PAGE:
Desktop replacements are an acquired taste to say the very least. Pro-gamers may love their balance of power and mobility, but for most of us they present something of a quandary.
You see, the problem afflicting them isn't so much their crippling bulk, unquenchable power demands, measly battery life or, dare we suggest, inflated prices, but the fact that no desktop replacement is ever going to be as powerful as a well-specced desktop rig. Well, at least we thought so until the D900C Phantom landed.
Eurocom is a Canadian manufacturer, which has sidestepped such power-related worries by shoe-horning the premium parts of an outright desktop into the form factor of a 17-inch laptop. What we are left with, according to Eurocom, is the 'world's first quad core mobile workstation'. Catchy.
A cursory glance at the spec list suggests the Phantom takes its cues from the 'desktop' element of its signature, packing in Intel's 2.66GHz Core 2 Quad Q6700 edition pimped out with 4GB of DDR2 RAM (admittedly as SODIMMs).
If that gets you grinning then prepare yourself, as the Phantom's graphics muscle comes courtesy of dual NVIDIA GeForce Go 7950GTX cards in SLI. Who needs a desktop rig now, eh? But before we tear into its performance figures, lets see what kind of luxuries are afforded to you for the £2,937.50 for outlay, tax and shipping costs.
In terms of looks, the 17-inch chassis is something of a beast. Its mixed matte and gloss coating is uninspiring, and its broad bottom unit and top-shell look plain oafish. But heck, the Phantom's not built for looks, and importantly its 17-inch 1920x1200 WUXGA resolution display at 16:10 screen aspect ratio is a delight. Even though it's a long-way off a desktop display, it remains a very good screen, and does the twin SLI cards justice, even when gaming at the most demanding of screen resolutions.
Weighing in at just shy of 7kg, the Phantom's not particularly mobile. But then, in truth, it's not really meant to be. Corroboration of this comes from the UPS, which Eurocom provides: it's a PSU, with the 20V break-out box itself adding some extra bulk.
Inside, the Phantom's equipped with two monster 160GB SATA-II hard drives, spinning at 7,200rpm and pre-configured in a RAID 0 array for that extra zip. The drives are blisteringly fast, while the 4GB of RAM supplied in two 2GB DDR2-800 sticks is a further premium touch.
Such specs saw the Phantom breeze through a cumbersome Photoshop scripting benchmark that left a Mac Pro (also quad core) struggling. The Phantom's impressive 8MB of level 2 cache saw it through with solidity and speed.
Graphics-wise, the 7950GTX's pumped by 512MB of GDDR3 each produce some astounding benchmarks; 3DMark06 (9994) was unbelievable, while its Cinebench R10 performance (844) - which invokes Maxon's Cinema 4D - was on a par with a premium desktop.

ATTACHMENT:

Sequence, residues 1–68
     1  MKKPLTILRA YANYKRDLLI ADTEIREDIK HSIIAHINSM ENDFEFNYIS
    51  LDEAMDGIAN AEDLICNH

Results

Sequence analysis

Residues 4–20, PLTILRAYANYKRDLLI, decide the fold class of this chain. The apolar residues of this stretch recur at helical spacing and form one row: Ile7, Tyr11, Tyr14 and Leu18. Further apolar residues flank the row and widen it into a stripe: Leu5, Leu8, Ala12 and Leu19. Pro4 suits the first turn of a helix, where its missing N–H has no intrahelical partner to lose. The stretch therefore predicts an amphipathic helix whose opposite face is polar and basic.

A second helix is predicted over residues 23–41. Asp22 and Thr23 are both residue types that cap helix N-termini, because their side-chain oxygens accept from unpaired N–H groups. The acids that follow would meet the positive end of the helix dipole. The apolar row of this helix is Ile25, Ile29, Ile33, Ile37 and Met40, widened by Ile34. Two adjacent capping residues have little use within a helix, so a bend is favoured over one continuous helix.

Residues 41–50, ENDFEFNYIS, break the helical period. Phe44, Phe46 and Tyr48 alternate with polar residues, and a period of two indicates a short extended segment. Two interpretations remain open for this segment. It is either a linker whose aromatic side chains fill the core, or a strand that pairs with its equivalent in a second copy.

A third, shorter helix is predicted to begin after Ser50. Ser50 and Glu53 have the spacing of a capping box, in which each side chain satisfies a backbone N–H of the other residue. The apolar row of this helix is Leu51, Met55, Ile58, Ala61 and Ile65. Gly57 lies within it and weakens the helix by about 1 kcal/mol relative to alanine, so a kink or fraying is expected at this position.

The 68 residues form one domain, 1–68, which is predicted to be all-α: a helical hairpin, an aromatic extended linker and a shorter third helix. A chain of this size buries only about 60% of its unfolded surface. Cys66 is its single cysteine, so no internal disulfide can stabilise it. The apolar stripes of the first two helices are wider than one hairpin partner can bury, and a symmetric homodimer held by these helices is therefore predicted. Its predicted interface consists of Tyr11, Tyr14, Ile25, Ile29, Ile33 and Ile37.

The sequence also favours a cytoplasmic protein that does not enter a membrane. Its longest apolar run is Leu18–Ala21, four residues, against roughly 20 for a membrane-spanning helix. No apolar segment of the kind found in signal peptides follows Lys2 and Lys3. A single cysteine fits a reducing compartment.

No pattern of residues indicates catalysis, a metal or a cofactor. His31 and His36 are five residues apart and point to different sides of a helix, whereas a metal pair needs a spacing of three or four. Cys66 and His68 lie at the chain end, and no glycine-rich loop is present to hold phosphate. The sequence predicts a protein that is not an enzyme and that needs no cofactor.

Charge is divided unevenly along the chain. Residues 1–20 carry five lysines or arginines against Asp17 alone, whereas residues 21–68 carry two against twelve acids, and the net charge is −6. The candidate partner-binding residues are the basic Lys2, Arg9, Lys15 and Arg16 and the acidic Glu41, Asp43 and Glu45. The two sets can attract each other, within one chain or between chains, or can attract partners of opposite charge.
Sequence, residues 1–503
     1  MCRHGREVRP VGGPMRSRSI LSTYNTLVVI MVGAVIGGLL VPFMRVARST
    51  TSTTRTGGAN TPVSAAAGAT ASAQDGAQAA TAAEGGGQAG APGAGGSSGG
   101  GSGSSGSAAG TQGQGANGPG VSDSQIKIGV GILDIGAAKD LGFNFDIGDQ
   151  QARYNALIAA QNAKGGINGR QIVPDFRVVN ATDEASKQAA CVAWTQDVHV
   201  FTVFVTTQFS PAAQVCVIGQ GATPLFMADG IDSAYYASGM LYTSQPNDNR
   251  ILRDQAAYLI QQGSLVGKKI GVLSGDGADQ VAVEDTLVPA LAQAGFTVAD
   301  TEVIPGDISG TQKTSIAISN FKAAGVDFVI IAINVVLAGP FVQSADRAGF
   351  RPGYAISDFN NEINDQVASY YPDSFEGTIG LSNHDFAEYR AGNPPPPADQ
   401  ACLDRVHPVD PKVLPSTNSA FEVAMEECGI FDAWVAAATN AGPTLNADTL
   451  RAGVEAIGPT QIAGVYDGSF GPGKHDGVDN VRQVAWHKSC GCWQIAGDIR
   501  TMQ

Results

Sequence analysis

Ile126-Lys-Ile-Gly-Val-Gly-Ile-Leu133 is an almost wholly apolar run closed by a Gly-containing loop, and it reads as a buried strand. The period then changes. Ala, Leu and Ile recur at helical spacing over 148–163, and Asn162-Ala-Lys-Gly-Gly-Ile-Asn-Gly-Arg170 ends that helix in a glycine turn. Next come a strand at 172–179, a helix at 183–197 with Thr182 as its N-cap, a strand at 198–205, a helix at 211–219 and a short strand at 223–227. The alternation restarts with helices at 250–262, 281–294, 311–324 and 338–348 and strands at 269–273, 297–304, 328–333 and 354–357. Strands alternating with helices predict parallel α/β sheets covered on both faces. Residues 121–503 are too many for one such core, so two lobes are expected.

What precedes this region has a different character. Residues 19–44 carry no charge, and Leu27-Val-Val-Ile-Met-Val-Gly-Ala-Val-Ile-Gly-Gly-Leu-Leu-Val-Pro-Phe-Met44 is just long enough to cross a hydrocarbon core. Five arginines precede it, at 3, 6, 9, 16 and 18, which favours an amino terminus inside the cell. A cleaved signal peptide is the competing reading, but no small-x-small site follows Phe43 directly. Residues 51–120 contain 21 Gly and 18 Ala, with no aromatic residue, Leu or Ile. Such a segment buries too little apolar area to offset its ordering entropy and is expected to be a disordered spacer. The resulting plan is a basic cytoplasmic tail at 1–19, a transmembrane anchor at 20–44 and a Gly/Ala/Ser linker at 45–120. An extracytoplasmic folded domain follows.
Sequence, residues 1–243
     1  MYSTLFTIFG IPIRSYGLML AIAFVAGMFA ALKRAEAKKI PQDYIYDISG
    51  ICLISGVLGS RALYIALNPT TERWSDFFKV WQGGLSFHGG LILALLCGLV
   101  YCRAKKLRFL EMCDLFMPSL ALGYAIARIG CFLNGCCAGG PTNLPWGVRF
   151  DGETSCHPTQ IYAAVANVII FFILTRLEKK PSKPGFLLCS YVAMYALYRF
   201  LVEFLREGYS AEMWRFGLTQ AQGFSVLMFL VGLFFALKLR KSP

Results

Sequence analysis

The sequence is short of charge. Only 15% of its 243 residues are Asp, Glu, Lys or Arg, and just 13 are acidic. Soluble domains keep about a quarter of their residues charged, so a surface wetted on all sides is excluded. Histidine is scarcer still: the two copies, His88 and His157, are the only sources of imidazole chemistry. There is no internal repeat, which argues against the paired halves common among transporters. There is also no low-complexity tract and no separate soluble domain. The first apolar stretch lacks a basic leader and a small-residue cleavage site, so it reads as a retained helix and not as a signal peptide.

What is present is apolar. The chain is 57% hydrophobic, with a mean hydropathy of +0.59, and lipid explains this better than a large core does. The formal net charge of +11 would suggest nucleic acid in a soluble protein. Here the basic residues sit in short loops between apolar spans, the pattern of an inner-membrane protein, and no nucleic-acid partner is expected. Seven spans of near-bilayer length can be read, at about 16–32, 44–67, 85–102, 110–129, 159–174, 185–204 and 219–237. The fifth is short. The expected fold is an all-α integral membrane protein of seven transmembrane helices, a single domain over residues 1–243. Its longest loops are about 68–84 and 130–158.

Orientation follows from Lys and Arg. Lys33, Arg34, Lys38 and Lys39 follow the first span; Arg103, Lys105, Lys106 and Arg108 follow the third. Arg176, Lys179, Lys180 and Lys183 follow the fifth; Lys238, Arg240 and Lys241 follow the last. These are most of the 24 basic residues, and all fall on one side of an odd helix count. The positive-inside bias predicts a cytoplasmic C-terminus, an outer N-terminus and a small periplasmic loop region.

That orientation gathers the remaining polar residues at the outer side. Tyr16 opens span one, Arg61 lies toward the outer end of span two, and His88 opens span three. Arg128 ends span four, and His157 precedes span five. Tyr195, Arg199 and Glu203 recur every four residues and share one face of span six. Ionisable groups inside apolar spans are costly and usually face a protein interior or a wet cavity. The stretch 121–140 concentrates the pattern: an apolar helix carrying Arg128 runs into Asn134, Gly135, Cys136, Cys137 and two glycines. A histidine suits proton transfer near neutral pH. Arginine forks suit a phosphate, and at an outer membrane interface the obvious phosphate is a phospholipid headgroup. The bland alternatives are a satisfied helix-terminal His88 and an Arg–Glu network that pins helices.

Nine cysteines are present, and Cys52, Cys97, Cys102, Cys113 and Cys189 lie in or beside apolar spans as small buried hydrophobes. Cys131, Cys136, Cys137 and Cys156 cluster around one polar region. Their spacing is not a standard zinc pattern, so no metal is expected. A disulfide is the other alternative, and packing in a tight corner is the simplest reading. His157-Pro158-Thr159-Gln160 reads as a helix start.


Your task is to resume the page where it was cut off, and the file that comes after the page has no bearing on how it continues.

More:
The MXM-HE designed 7950GTX has been one of the chief winners of the increase in performance laptop technology. As NVIDIA's flagship GPU, its chipset supports CineFX 4.0 Shading Architecture and 64-bit texturing, filtering and blending.
Paired with lesser processors, it has been known to encounter the occasional bottleneck, and 64-bit and DirectX 10 support on Vista in particular, remains a sticky issue. That said, Eurocom says it's committed to bolstering its drivers as regularly as possible, and already its site has various updates, so as not to lose any of the Phantom's functionality.
What's clear then is that the Phantom is mightily powerful. Indeed, Eurocom should be congratulated for managing to build the thing, especially given the heat produced by the Intel chipset. To offset this, the Phantom packs no-less than four fans to suck cool air in and belch hot air out - all placed on the bottom of the chassis.
Perhaps Eurocom had its tongue planted firmly in its cheek when it christened the Phantom, because it's about as loud as any laptop we've ever heard, and given the four fans strapped to its hide, would possibly take-off were it not so heavy.
The related snag of such cooling requirements, and the knock-on effect of plonking a desktop processor in a slimline case, is that it's also more power-hungry than any other mobile workstation we've seen.
The Phantom's battery life is so feeble it failed MobileMark 2006, and during a timed DVD playback managed a derisory 52 minutes before dying. To give Eurocom its dues, it has done astonishingly well to ensure a battery-life of any kind, and given it's aimed squarely at gamers and high-end, desk-bound users it's certainly no huge problem.
Anyone considering the Phantom wil be buying it for one sole reason; its raw power, and Eurocom seems happily aware of this. The Phantom lacks, for example, any form of HD DVD or Blu-ray drive, and though the connectivity options are complete enough: with four USB ports, S-Video in and out, a DVI out, multi-card reader and a TV tuner, it lacks the kind of extras you'd hope for at this price, including HDMI and any kind of decent pre-installed software.
There are alternatives in HP's Pavilion HDX9000 and Dell's Core 2 Duo-equipped XPS M2010; each of which offer more whistles and bells, with HP in particular including an HD DVD ROM drive and 7.1 surround sound options - but neither matches the Phantom's tremendous power.